$SendingServer = ""

###Create the mail message and add the statistics text file as an attachment
$SMTPMessage = New-Object System.Net.Mail.MailMessage $FromAddress, $ToAddress, $MessageSubject, $MessageBody

###Send the message
$SMTPClient = New-Object System.Net.Mail.SMTPClient $SendingServer

In short:

Line 3: Specifies the number of characters in the generated password.
Line 4: The characters that can be used to generate the password.
Line 17: Reset’s the password on the AD account.
Line 19: Generates the month in long format to add to the e-mail Subject.
Line 22-26: Variables used for sending the e-mail.
Line 29: Generates the e-mail.
Lines 32 & 33: Sends the e-mail.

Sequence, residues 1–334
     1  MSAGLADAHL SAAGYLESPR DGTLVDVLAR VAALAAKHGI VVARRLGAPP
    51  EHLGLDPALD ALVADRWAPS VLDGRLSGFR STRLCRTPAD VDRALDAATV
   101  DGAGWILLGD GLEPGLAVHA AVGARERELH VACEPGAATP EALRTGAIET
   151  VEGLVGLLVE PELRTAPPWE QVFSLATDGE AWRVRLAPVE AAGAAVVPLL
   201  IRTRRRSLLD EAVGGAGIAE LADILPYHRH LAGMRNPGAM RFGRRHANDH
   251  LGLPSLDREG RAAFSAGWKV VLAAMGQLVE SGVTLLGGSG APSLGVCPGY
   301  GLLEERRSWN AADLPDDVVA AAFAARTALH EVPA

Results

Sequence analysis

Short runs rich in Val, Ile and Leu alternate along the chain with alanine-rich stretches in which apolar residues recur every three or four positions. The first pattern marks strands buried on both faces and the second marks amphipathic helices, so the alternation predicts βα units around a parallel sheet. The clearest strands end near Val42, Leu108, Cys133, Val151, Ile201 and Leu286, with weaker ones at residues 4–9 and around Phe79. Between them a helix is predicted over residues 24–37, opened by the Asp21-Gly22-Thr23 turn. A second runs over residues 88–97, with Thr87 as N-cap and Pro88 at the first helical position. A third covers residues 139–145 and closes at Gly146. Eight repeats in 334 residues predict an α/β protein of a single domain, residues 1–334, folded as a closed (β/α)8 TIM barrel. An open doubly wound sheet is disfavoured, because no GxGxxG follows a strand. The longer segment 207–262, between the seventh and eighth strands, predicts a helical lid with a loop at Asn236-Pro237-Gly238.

550 5.2.0 STOREDRV.Deliver: The Microsoft Exchange Information Store service reported an error. “MapiExceptionNotAuthorized”

This morning I’ve been troubleshooting an Exchange public folder related issue that had me baffled for a little while.

Users could send e-mails to a public folder internally, but any external e-mails wouldn’t arrive in the folder. After running through message tracking I found the following error in the tracking logs:

550 5.2.0 STOREDRV.Deliver: The Microsoft Exchange Information Store service reported an error. The following information should help identify the cause of this error: “MapiExceptionNotAuthorized:”…

Knowing that internal users could e-mail the public folder, and knowing that the e-mails were reaching the Exchange server meant that I had to be dealing with a permissions based issue. When I looked at the public folder’s MAPI permissions using Powershell (get-publicfolderclientpermission is the cmdlet for that one) I could see that the folder was set to “Anonymous: None”. This means that anonymous senders don’t have rights to create a new item in the public folder, and so the 550 5.2.0 message is logged.